For those who may not be familiar, Health in Our Hands (HiOH) is a project led by CREATE for STEM, in association with several other education, health and community partners from the Flint/Genesee area. Using the science curriculum developed through the HiOH project, students learn about gene-environment interactions, natural selection, and evolution. Most importantly, they learn about these concepts by applying them to important community health issues that affect their lives, such as diabetes and addiction. For their final project, students conduct an action research project to improve their school or neighborhood to help prevent or reduce diabetes and addiction. Students present the results and recommendations at a Youth Health Summit to their peers, family and community. CREATE for STEM received funding for this project from the Science Education Partnership Award, National Institute of General Medical Sciences.
As an important part of implementing the curriculum in classrooms, the HiOH team has led professional learning (PL) workshops and seminars for participating teachers for several years. However, the workshop this summer marked the first time the PL was presented completely online. During the PL, the HiOH team led by research associate Consuelo Morales tried out many of the same virtual learning strategies with the teachers that they can use with their own classes, using technology such as Zoom and Jamboard.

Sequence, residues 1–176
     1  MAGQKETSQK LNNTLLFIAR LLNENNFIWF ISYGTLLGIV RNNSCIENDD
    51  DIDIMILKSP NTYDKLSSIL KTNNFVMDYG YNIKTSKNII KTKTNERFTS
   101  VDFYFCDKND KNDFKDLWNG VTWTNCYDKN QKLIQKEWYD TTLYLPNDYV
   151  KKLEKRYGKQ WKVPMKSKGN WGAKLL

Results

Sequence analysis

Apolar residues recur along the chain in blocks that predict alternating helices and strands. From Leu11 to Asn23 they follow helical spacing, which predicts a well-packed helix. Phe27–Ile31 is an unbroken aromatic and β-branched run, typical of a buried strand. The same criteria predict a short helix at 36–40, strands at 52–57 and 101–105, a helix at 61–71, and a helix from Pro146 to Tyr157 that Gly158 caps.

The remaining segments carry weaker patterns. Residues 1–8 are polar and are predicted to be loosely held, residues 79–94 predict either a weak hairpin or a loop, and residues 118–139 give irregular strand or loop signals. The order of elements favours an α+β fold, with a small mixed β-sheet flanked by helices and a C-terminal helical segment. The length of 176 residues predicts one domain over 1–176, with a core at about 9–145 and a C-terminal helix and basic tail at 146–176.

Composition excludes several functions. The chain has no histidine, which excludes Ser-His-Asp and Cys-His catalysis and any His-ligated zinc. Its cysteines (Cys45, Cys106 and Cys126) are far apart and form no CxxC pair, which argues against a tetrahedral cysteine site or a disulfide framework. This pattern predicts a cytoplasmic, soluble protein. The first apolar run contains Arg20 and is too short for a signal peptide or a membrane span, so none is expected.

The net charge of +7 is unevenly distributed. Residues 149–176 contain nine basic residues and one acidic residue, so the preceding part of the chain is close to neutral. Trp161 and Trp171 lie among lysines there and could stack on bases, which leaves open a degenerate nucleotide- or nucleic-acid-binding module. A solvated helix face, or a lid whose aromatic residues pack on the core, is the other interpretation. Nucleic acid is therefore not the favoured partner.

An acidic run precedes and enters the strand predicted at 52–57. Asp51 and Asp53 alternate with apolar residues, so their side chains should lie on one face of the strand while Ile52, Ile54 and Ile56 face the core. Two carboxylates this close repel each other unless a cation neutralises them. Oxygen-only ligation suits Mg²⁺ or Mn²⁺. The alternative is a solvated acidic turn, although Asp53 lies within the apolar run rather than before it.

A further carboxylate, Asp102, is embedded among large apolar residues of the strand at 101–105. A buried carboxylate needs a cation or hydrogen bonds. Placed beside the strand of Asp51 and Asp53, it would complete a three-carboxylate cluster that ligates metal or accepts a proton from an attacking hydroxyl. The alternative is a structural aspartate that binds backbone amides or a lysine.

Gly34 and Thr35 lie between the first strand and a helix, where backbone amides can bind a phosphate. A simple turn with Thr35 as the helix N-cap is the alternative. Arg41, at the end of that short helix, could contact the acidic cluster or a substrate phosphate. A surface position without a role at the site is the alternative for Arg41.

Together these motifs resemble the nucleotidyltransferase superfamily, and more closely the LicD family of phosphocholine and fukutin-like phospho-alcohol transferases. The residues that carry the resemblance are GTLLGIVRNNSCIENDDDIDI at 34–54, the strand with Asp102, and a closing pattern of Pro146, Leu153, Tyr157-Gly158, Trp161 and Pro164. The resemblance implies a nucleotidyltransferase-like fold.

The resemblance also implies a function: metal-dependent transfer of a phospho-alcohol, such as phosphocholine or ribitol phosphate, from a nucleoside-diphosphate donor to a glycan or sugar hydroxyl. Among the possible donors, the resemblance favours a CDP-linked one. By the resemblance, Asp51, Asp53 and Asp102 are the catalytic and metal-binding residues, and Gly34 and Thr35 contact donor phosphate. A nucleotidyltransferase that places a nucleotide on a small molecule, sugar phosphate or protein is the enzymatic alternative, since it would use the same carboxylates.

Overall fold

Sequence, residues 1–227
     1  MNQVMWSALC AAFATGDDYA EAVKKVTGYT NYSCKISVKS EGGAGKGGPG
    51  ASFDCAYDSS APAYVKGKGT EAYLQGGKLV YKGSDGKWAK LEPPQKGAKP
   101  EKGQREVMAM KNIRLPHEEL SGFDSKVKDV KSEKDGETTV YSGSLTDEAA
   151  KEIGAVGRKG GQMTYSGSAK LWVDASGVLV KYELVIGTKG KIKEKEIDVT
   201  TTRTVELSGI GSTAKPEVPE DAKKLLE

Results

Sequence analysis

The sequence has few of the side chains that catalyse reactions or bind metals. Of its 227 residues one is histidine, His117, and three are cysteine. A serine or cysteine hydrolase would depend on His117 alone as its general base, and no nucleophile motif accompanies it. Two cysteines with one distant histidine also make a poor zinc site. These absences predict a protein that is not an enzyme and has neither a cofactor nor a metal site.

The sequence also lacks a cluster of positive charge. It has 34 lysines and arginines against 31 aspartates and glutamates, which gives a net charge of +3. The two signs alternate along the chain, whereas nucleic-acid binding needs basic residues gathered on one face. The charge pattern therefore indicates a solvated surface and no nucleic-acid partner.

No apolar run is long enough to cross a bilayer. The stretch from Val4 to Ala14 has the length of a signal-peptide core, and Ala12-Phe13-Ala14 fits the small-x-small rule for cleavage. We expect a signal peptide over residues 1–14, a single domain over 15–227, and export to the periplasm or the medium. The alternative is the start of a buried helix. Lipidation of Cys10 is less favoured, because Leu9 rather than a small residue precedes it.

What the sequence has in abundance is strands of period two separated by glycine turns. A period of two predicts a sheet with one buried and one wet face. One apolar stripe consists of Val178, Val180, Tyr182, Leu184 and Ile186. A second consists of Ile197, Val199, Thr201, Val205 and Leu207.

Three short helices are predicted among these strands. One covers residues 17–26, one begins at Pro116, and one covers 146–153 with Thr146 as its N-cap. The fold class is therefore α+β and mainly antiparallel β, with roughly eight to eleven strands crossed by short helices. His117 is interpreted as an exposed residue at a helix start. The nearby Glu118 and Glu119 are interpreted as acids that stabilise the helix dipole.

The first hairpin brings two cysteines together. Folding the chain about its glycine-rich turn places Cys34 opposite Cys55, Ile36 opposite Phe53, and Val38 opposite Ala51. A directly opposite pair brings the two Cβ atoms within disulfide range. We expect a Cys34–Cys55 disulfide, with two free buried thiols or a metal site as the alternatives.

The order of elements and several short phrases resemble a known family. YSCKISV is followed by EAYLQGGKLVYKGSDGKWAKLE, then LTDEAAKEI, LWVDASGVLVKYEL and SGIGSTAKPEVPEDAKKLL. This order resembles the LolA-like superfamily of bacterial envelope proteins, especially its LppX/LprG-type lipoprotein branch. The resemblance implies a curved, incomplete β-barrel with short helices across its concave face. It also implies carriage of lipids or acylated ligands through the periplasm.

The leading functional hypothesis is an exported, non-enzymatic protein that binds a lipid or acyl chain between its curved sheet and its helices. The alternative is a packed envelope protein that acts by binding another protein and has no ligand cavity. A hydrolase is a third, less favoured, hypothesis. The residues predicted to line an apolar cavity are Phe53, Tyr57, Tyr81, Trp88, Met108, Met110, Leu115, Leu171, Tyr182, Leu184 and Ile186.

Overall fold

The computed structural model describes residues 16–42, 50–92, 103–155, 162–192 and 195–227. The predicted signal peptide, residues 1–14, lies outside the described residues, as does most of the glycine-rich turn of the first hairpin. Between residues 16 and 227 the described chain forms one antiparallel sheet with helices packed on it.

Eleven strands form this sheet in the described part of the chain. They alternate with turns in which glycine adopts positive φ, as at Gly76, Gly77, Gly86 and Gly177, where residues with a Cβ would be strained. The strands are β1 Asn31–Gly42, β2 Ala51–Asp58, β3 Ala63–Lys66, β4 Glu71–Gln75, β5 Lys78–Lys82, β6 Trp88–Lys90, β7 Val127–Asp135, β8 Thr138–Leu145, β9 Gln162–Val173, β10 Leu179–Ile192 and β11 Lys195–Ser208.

“Hosting the workshop virtually really gave us insights into the challenges teachers are dealing with right now,” says Morales. “Almost all of the districts that currently use the HiOH curriculum are teaching remotely this semester, making these discussions an essential component of the workshop.” Many of the discussions included space for teachers to ask questions and strategize together about ways to approach the HiOH curriculum and their lessons in general, learning to use technology as a tool rather than a hindrance.
Despite the move to an online forum, the number of districts represented for the four-day workshop was even higher this summer than previous years. Teachers resoundingly said that they appreciated the opportunity to work through curriculum virtually and try out new strategies for teaching online.
When asked what she liked best about the PL, Ashley Booker, returning 8th grade teacher from Atherton Community Schools responded, “Seeing the curriculum in action and the facilitators! I was able to see the curriculum and how it's going to be enacted. Since we will start online this fall, we will be troubleshooting as we go. So, I appreciate the follow-up Professional Learning Community sessions.”